I Am A Medical Professional ?

Film enthusiast Elliot Slade explores why “medically accurate” media will endure.

“100 per cent medically accurate”- a claim that can market and sell almost anything. You’ll see it thrown about in all wakes of life, be it vitamins, yoghurt advertisements, even in discussion surrounding ‘The Human Centipede’.

This claim is the first thing you’ll see on the trailers for the ‘The Human Centipede’ or in any informational source regarding the film. In fact, one could speculate that this claim is what gave this horror its cult following.

It’s an interesting trend that so often medically related films tend to lean towards the horror or thriller genre. Perhaps such cinematic creations stoke our morbid curiosity for the more dangerous and gruesome aspects of the field: from ‘Re-Animator’ (the dead brought to life by a crazed doctor with, as always, disastrous results), to ‘Awake’ (a convoluted film about “anesthesia awareness” and a team of doctors who are plotting to murder).

And then there’s, ‘The Autopsy of Jane Doe’, where a pathologist and his father open up a woman, only to discover that she is an evil witch. Yes, that’s right. This is what people come up with and, what’s more, what we as an audience flock to see. It would appear that the general public, or at least a portion of it, has an infatuation with the macabre.

There exists a class of medical horror releases that aim mostly to “gross out” their audience, using such claims of medical accuracy, as if to incite the fear that this could one day happen to you, the audience member. To be fair, it seems to work.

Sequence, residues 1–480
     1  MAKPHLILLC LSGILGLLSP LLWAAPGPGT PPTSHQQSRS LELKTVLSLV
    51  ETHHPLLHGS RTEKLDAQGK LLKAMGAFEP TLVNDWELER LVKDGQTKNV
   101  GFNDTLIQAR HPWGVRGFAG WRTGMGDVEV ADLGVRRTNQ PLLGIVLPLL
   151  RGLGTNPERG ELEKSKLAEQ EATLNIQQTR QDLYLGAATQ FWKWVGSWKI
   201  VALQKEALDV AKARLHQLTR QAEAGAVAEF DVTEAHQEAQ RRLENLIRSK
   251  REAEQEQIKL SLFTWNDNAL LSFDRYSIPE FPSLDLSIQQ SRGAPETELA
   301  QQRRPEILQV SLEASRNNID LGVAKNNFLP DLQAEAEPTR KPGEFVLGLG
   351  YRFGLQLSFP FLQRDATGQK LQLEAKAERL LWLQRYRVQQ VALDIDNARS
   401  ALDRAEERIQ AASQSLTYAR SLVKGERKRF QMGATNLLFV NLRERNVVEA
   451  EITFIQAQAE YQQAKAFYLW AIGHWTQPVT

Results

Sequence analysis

Or maybe viewers are drawn to these medical stamps of approval with the aim of challenging the “realism” that they claim to portray. If this is the case, then do we hope that the film is unrealistic so that our innermost fears are abated? Or is facing one’s fears, whatever the outcome, the lure?

If you are unaware of what ‘The Human Centipede’ entails, take my advice and be prepared to look away in disgust should you ever choose to give it a watch. I can’t even begin to describe what goes on in this film (nor would I want to spoil the surprise) but, hey, the director consulted a Dutch surgeon so it must be accurate, right?

This medical obsession isn’t isolated to cinema either; programmes of a similar ilk – Grey’s Anatomy, House, Casualty, Holby City, ER, etc- have had us transfixed to the small screen on a weekly basis (or in one large binge-watching session, thanks to the likes of Netflix) for years. We love our medical dramas: the same show wrapped up in different costumes, all following the foolproof formula; strange illness, misdiagnosis and then big reveal. Oh, and throw in some doctor relationship drama and a sprinkling of deaths every few season and you’re on your way to an Emmy.

Drama, thriller, horror; regardless of genre, the reason behind the attraction of medicine lies in its resilience as a subject matter. The formats may stay the same but what prevents them from appearing tired or stale is the kiss of life that the dynamic and ever-changing medical field can breathe into them.

It’s a sheer playground for production companies; whether you want to write about strange illnesses, bizarre patients or tragic circumstances, you have everything you need in one field. Necrosis? Make a horror out of it. Dying grandparent? Make a drama out of it. Doctor? Explore their humanity or chuck in a love triangle and make a soap out of it. It’s the perfect platform to experiment with.

What’s more, its realism lends itself to its popularity because the audience can relate to it, even if you’re not a doctor or a nurse, at some stage in our lives, we’re all going to be a patient. It is possible that we watch simply to see whether our story will be told because a part of the endurance of this genre is that it leaves no one out.

So reader, as you conclude this article to continue about your day, don’t be surprised to hear the announcement of a new “medically accurate” film, or that Grey’s Anatomy has been signed for another 68 seasons. As long as life support machines keep singing and doctors keep researching, they won’t be running out of ideas just yet.